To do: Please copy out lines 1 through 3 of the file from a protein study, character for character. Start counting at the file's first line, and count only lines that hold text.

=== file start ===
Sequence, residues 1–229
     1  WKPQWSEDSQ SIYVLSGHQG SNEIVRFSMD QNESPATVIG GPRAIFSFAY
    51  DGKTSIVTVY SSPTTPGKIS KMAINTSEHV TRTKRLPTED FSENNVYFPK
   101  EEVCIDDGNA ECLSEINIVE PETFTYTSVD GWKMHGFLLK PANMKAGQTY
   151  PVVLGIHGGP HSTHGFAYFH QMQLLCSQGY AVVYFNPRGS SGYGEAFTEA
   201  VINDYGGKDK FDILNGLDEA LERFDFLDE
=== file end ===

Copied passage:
Sequence, residues 1–229
     1  WKPQWSEDSQ SIYVLSGHQG SNEIVRFSMD QNESPATVIG GPRAIFSFAY
    51  DGKTSIVTVY SSPTTPGKIS KMAINTSEHV TRTKRLPTED FSENNVYFPK